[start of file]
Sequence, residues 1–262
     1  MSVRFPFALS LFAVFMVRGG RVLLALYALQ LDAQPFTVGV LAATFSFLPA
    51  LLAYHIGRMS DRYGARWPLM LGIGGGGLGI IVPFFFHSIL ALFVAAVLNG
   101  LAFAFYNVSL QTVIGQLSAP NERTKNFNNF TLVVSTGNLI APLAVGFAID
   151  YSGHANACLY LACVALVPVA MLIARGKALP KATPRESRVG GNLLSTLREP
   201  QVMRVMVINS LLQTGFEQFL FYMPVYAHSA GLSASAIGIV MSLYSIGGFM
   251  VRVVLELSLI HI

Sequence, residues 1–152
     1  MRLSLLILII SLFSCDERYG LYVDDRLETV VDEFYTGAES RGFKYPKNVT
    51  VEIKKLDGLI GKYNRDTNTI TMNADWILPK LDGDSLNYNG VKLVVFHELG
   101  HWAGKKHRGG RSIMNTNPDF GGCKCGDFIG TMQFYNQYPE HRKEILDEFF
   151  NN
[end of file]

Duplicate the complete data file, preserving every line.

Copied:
Sequence, residues 1–262
     1  MSVRFPFALS LFAVFMVRGG RVLLALYALQ LDAQPFTVGV LAATFSFLPA
    51  LLAYHIGRMS DRYGARWPLM LGIGGGGLGI IVPFFFHSIL ALFVAAVLNG
   101  LAFAFYNVSL QTVIGQLSAP NERTKNFNNF TLVVSTGNLI APLAVGFAID
   151  YSGHANACLY LACVALVPVA MLIARGKALP KATPRESRVG GNLLSTLREP
   201  QVMRVMVINS LLQTGFEQFL FYMPVYAHSA GLSASAIGIV MSLYSIGGFM
   251  VRVVLELSLI HI

Sequence, residues 1–152
     1  MRLSLLILII SLFSCDERYG LYVDDRLETV VDEFYTGAES RGFKYPKNVT
    51  VEIKKLDGLI GKYNRDTNTI TMNADWILPK LDGDSLNYNG VKLVVFHELG
   101  HWAGKKHRGG RSIMNTNPDF GGCKCGDFIG TMQFYNQYPE HRKEILDEFF
   151  NN